Yes, this is a personal post, and I’m trying to get across ideas I’m not hugely comfortable talking about. You’ve been warned and feel free to ignore it and wait until the next Alexa post.

So, a little context

So yeah, I’m an introvert, if you look up the definition you get words like “withdrawn” and “unsociable”. That’s me in any social setting; I can have a deep and meaningful conversation with one person I feel comfortable with – but I struggle to say anything if you put me in a group situation or with a stranger. And being around people, frankly, wears me out.

This logo at RedBubble pretty much sums it up

So this is fine, I’ve been used to it for a long time and I’ve accepted myself – I can’t change the way I think, and I wouldn’t want to because the strange way my mind works gives me the stuff I like too. I’m all good.

Except there’s a wrinkle in my plan to just trundle on the same as ever. I caught wind of a tech meetup that I was really interested in, and despite my worry I’m so interested I attend…and I really enjoy it.

Meetups on the outside

When I first started attending meetups I was how I always am, it was just another social setting.

  • Tried to sit on my own if I could
  • When someone nearby tried to make conversation, I struggled to answer with more than one word.
  • Didn’t engage in the Q&A at the end of a talk, even if I had questions

The tech community here are incredibly welcoming and I did this for quite a while, and that was okay, I was learning and finding out about new things and I never once felt forced or under pressure to do or interact in any way I didn’t want to.

Except it wasn’t okay, Part of being used to be on the outskirts of social situations is that you get very good at observing people and behavior, and the more I turned up the more I saw the people who were catching up with friends and saying hi to those they hadn’t seen for a few months and really interacted and they got so much more out of the event than I was.

I wanted that.

But I also knew who I was, not my first rodeo so to speak. So I spoke to my family about the desire to do this, and the fact that even talking about doing something “social” genuinely scared me.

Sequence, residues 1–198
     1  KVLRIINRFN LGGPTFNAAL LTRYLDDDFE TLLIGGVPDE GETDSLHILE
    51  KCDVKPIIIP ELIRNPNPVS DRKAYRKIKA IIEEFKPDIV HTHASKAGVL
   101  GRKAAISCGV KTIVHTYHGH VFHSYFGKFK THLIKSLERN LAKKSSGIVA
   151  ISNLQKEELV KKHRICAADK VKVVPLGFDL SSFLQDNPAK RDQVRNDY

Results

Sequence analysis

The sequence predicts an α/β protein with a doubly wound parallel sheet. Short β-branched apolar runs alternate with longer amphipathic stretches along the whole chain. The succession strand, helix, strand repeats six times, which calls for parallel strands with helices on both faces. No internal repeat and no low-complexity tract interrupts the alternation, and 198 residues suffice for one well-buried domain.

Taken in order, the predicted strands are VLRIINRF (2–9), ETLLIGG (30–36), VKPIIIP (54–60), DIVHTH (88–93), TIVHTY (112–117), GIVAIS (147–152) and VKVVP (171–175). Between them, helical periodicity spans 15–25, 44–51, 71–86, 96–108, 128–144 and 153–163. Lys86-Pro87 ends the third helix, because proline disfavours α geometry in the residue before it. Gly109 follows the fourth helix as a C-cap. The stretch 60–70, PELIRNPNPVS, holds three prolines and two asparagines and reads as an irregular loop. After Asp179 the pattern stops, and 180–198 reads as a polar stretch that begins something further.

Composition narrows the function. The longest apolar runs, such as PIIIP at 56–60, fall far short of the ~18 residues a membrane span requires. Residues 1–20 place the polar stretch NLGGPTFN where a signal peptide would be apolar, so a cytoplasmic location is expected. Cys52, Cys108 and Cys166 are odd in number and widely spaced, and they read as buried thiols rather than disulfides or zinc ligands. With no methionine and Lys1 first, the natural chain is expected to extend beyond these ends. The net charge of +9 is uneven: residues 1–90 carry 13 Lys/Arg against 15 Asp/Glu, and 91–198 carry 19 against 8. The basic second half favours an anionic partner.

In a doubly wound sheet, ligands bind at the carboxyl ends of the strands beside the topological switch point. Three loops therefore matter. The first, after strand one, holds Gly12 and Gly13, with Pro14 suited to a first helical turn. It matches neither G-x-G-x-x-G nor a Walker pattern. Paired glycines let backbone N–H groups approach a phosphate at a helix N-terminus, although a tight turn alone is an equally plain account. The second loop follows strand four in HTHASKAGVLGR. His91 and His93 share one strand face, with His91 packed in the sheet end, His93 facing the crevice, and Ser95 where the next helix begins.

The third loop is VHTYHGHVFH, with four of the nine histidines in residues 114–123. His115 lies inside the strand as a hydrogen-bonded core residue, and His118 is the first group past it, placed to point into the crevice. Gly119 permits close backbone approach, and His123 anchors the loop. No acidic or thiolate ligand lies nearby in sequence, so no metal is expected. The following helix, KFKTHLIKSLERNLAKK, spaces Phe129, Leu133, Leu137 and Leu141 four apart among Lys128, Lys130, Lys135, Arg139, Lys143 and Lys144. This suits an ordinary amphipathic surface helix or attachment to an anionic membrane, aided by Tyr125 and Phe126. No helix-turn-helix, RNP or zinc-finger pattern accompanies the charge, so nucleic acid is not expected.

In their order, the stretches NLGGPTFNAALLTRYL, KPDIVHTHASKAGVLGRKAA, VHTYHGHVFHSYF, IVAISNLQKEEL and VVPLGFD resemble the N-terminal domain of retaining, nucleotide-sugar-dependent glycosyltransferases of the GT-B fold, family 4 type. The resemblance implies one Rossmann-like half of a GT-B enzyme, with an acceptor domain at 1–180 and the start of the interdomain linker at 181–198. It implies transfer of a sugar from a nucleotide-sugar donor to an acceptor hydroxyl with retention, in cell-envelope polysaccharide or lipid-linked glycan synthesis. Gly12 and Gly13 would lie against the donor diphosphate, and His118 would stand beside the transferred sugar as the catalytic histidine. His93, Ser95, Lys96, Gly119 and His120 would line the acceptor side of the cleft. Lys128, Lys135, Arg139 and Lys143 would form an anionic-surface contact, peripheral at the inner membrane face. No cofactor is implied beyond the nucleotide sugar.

So, as much as I dislike the phrase, I started a journey. I tried out some ideas we’d had and I tried to see what worked and what didn’t and I am now, I feel, getting better at the whole social thing. Still a long way to go – but I can have conversations with people (I very rarely start them myself, but I can have them), when I turn up at meetups there are people I catch up with and come catch up with me. It’s a start.

Okay. But Agile?

Well, yeah. Yesterday I was asked about any tips that I might have to handle this kind of scenario, and I really struggled to put what had happened to me into words. I kept coming back to the idea that it’s a mindset change. That for better or worse – resonated with how we often have to discuss Agile when you’re trying to describe it from the outside in. Taking situations you’ve handled a hundred times and learning to handle them in a new way.

Disclaimer: I’m not going to fit into Agile, I’m using it because it allows a technical person to better get to grips with the conceptual side. I’m going to take liberties with it straight off the bat, if you’re reading this because of your love of the agile framework – you probably aren’t the target audience and continuing will only get you angry.

1 – Right now you’re thinking epics and initiatives, not stories

You know what you want, you want to be “more sociable at a meetup”, or even more plainly “I want tech friends I can hang out with outside of a meetup”.

Good. But understand that’s like writing “I want to write a website” and you’ve just done File->New

Really think about what good looks like in your mind, what characteristics does that entail? For me – being able to do the small talk thing was a big one, that’s a thing I can work on, and that’s not the same as starting a conversation – that’s a seperate thing, I can handle that in my own time, ramp up.

If this is scary, start small. Tackling the whole thing in one go is an easy way to feel like you’re failing when in fact you’re learning.

2 – Clear acceptance criteria

Okay, so we’re focusing on small talk. That’s our thing. How much do you hate it when you’re working on a story but you’re not sure if you’ve really ticked the box because there’s no or badly written acceptance criteria?

“Do small talk” isn’t going to help anyone. But there’s that meetup next week, maybe try and hold small talk with 1 person once at that meetup. Would that tick a box? Okay then – that’s what good looks like for this.

(Now really if you do that, it’s done, so maybe “small talk” is still an epic? and each of these is a story, or you add tasks to your story? Again, Agile isn’t the big issue here!)

You may not achieve this first time, or second, but the important thing is to have the goal and make it achievable eventually. And actually….

3 – Fail fast, fail often